The Dignity of Leisure in an Age of Unemployment

What Women Really Think
Sept. 10 2012 1:27 PM

The Dignity of Leisure in an Age of Unemployment

On Thursday Joe Biden gave a speech that involved some unobjectionable bromides about the inherent dignity of drawing a paycheck, the salutary effects of honest toil. The following day the jobs report came out, and we learned that more people had stopped looking for work and the self-respect Biden says comes with it. The average duration of unemployment is 39 weeks, which is slightly shorter than it was this time last year but still very high relative to other recessions.  

It makes you wonder about the dignity of labor, which is something we heard more about back when Congress decided that the biggest threat facing America was poor mothers subsisting long-term on welfare. Dignity-pushers spin visions of uniformed Americans shoving stacks of paid bills in the mailbox, sticking plates of meat in front of their 2.4 children, buying a house in an exurb somewhere. It’s easy, in the abstract, to hold this nebulous pride distinct from any particular kind of labor. But in practice, taking pride in your work spills very easily into defining yourself by your work. And that seems like a problem for a country in which the average unemployed person spends nine miserable months on Landing a job demands a certain flexibility, and there are American ideas about work and identity that make flexibility difficult. 


Laid off lawyers want to say they're doing lawyerly things, and unemployed investment bankers bankerly things. One saw, during the days when Occupy Wall Street was often in the news, many miserable PhD students unable to find the kind of work they had come to expect was coming their way. Here’s a very reasonable article informing MFA graduates that they are not required by law to serve as low-paid adjuncts after they get their degrees. This is necessary because it very often does not occur to people with graduate degrees in creative writing that they might seek work outside of higher education, and the assumption that they must stay in the system leaves them earning minimum wage. (I realize that MFA grads are not common objects of sympathy, but I take the point not to apply not merely to them.) One wants, at a party, to be able to say that one is teaching at such and such university. There’s assumed to be dignity in it, if not much of a living. You’re a writer, after all, and real writers don’t write ad copy or edit corporate newsletters.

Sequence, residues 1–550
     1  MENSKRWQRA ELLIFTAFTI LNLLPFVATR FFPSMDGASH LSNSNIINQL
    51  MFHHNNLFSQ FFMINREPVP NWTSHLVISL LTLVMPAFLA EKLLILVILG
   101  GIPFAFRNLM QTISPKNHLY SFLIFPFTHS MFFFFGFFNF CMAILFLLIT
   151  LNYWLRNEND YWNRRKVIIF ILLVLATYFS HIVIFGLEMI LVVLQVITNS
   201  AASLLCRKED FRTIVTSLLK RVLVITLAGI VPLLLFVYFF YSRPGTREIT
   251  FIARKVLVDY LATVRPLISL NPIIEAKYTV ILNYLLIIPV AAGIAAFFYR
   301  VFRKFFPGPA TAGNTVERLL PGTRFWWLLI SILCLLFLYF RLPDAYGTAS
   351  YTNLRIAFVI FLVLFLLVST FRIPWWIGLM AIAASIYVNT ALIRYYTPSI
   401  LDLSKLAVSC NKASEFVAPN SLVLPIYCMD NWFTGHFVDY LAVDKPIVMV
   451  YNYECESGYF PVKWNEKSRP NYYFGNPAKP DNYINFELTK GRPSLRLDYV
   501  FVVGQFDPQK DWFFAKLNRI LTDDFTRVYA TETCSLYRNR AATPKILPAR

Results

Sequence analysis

The point isn't to blame anyone holding out for a kind of work they think befits them; only to recognize what pressures, coupled with a disastrous economy, trap people into a certain kind of life. Perhaps a more adaptive culture would prize the best hustle rather than whatever job title accords with one’s identity. Being the non-employed Rafalca-riding wife of a bazillionaire seems like a good deal, whatever it says about who you are. Being on welfare electively also seems like a good deal. We all know that there is more dignity in leisure than in labor; how you get to your weekend might matter less.

Kerry Howley's work has appeared in the Paris Review, Bookforum, and the New York Times Magazine. She is currently finishing a book about consensual violence, ecstatic experience, and the body.



Meet the New Bosses

How the Republicans would run the Senate.

The Government Is Giving Millions of Dollars in Electric-Car Subsidies to the Wrong Drivers

Scotland Is Just the Beginning. Expect More Political Earthquakes in Europe.

Photos of the Crowds That Took Over NYC for the People’s Climate March

Friends Was the Last Purely Pleasurable Sitcom

The Eye

This Whimsical Driverless Car Imagines Transportation in 2059

Medical Examiner

Did America Get Fat by Drinking Diet Soda?  

A high-profile study points the finger at artificial sweeteners.

I Wrote a Novel Envisioning a Nigerian Space Program. Then I Learned Nigeria Actually Has One.

A Futurama Writer on How the Vietnam War Shaped the Series

  News & Politics
Sept. 21 2014 11:34 PM People’s Climate March in Photos Hundreds of thousands of marchers took to the streets of NYC in the largest climate rally in history.
Business Insider
Sept. 22 2014 9:39 AM Adrian Peterson Has a Terrible Contract, and Cutting Him Would Save the Vikings a Lot of Money
The Eye
Sept. 22 2014 9:12 AM What Is This Singaporean Road Sign Trying to Tell Us?
  Double X
The XX Factor
Sept. 19 2014 4:58 PM Steubenville Gets the Lifetime Treatment (And a Cheerleader Erupts Into Flames)
  Slate Plus
Sept. 22 2014 8:08 AM Slate Voice: “Why Is So Much Honey Clover Honey?” Mike Vuolo shares the story of your honey.
Sept. 21 2014 9:00 PM Attractive People Being Funny While Doing Amusing and Sometimes Romantic Things Don’t dismiss it. Friends was a truly great show.
Future Tense
Sept. 22 2014 7:47 AM Predicting the Future for the U.S. Government The strange but satisfying work of creating the National Intelligence Council’s Global Trends report.
  Health & Science
Bad Astronomy
Sept. 22 2014 5:30 AM MAVEN Arrives at Mars
Sports Nut
Sept. 18 2014 11:42 AM Grandmaster Clash One of the most amazing feats in chess history just happened, and no one noticed.